Varying stages of bread — from pans of rising dough to fully cooked loaves — covered the oversized kitchen island and breakfast nook at the Ewanchyna family’s house Saturday morning.
Zoe, 13, and her brother, 16-year-old Quinn, worked nearby at the dining room table organizing hundreds of cookies inside large plastic containers. Their dad, Kevin, labeled and boxed cooled loaves of bread — squash, multigrain, Italian cheese and zucchini garlic herb, to name a few.
“Tuck it in nice and tight,” their mom, Adrienne, instructed their brother, 13-year-old Bennett as he began rolling a loaf in what would be the last batch of bread for a family tradition that has spanned nine years.
Saturday marked the 10th annual — and final —Ewanchyna Bread and Cookie Sale for charity.
As they’ve done for years, the family sold their wares beneath a white tent near Hoover Elementary School on Saturday. Within two hours, they turned 1,200 cookies and nearly 200 loaves of homemade bread into $2,240 to be donated to this year’s charity, Linn-Benton Food Share.
The unique tradition began when Kevin and Adrienne’s twins were 4 and their oldest was 7. The kids wanted to earn money with a lemonade stand, but their mother, a chef, had something else in mind.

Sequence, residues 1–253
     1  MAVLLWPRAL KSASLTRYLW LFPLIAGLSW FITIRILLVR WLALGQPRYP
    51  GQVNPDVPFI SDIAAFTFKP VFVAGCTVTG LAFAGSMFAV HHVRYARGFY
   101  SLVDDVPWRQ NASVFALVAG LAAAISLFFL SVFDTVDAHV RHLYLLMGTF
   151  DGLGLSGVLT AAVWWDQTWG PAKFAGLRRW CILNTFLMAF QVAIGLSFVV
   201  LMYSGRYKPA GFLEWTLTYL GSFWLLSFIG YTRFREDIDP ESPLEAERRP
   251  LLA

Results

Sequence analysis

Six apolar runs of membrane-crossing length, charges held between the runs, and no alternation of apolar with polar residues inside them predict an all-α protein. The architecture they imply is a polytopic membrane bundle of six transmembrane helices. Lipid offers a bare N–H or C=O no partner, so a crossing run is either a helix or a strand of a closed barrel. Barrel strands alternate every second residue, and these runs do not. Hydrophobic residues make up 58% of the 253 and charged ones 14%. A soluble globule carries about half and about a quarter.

“We said, well, what can we do to make it less greedy? So we decided to do a bread and cookie sale (for charity),” she recalled.
The kids couldn’t help much in the beginning, and can barely remember that first year.
“I remember that Dad got little paint things and we helped with the signs,” Zoe said.
They sold the baked goods to their neighbors in a stand outside their house and made about $200. As demand grew, they increased their wares. The family estimates they spent $600 this year just for the ingredients.
“A little while after that (first year), our kids were like, so are we going to do that again?” Adrienne recalled. “Our kids are very much into tradition, so I kind of knew we were doing this for the long haul. Some of them have mentioned they might do it with their own kids.”
Each member of the Ewanchyna family found a niche in the annual tradition. Zoe is creative and has the best penmanship, so she designed the posterboard signs. Bennett, a fan of the reality show “Cake Boss,” donned a chef’s apron and baked bread with his mom. Quinn, at 16, is busy with extracurricular activities, but he baked cookies and skipped a cross country meet on Saturday to help with the sale. Their dad, Kevin, a doctor and the chief medical officer for Samaritan Health Services, worked the logistical side. He got the word out about the sale, helped set up the booth and performed the transactions.
The family decided this would be their final bake sale because the kids are growing older, getting busier and choosing their own volunteer opportunities.
“We knew it wouldn’t go on forever and so we thought, well, 10 is a nice round number,” Adrienne said. “We enjoy it; it’s fulfilling, but at some point it’s time to finish.”